In the hotel in Goa where I have just spent two weeks, the local newspaper was delivered every morning to my room. And transport was hardly ever off the front page. Sometimes it was gory coverage of road traffic ‘mishaps’ as they were euphemistically called, with rather too much detail: did we really need to know that the faces of two poor youths killed on their motorcycle by a truck ‘were too mangled to identify’.
More often, though, it was transport policies of local or central government which featured in the Goan press. One day the paper splashed, for example, on the fact that first class sleeper fares on Indian Railways were being cut by 18 per cent to compete with low cost airlines. There was, too, constant speculation about whether the plan to build a new airport for Goa would be shelved, even though the current one seemed to be perfectly adequate, though it could have done with more terminal space.
Transport, therefore, seems to have a higher place in the political agenda than in the UK. That’s hardly surprising given the people’s daily experience of transport on the streets. The roads are completely inadequate, and mostly consist of two lane highways with a ribbon of land on either side to cater for the lunatic overtaking that is standard practice. India is at last getting a network of highways linking the main towns such as Mumbai, Chennai, Delhi and Kolkotta, but the rest of the road systems remains primitive and speeds are low: using top gear is a rare event in most places.
In towns, no one gives way until they absolutely have to. It seems like a selfish way to drive but, in fact, it does seem to enable an efficient allocation of a scarce resource. I did not see any traffic lights in Panaji, the largest town in Goa, and I doubt if the signals would have been obeyed had there been any.
In the nearby town of Margao, the state’s commercial capital, there was an example of one of those transport follies that were a common feature of Victorian times (see my book on the London Underground, The Subterranean Railway for lots of examples). Stretching for nearly a mile in an industrial area near the centre of town, there was the track of an overhead railway 30 foot in the air. At the end of the line, in an area of brush and forest, there was the terminus with a couple of small cars rusting quietly in the damp tropical heat.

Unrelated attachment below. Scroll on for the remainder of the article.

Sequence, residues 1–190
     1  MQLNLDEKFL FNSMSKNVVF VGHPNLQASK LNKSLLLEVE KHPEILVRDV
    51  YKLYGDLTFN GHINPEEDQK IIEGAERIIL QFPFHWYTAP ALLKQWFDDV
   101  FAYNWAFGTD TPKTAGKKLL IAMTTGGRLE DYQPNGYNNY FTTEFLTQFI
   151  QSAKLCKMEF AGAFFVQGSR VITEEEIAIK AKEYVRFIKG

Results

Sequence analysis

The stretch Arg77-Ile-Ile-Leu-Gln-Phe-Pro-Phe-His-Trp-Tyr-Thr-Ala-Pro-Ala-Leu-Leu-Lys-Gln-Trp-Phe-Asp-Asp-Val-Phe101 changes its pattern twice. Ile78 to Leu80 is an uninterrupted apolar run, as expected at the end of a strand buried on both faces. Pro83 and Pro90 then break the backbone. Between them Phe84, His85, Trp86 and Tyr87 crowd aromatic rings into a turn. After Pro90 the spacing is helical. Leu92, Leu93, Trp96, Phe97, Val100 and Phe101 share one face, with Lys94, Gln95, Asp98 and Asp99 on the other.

This was the Margo Skybus, which had been planned to link several of Goa’s major towns. The Skybus was promised as a cheap ‘maintenance free’ system powered by electricity and using technology developed in Austria but adapted by Indians specially for the project. The project was the brainchild of B Rajaram, the managing director of the local Konkan railways who even foresaw the system being used to take freight and therefore reduce the number of trucks on the road. The emphasis was on indigenous technology that was less expensive than underground railways or other urban mass transit systems and would allow very cheap travel – just 5 rupees (7p) for a 5km journey.
Such ambitions have often been stated for transport innovation before and the project has now stalled following an accident in which a fitter was killed when a coach went too fast and hit a pillar on a test run. Moreover, there was a problem over funding because – and this could only happen in India – it was unclear whether the project was a train (which would receive funding from the railways ministry via Indian Railways) or a bus (which would be supported by another ministry). This created problems, too, over who would issue the safety certification.
With a change in political control at the state level, there is now talk of a conventional monorail using existing Western technology and therefore the 1.6 kilometre track is likely to be one of those white elephants that will attract visitors for its curiousity value for many years to come, but which, sadly, will never see the light of day in commercial use.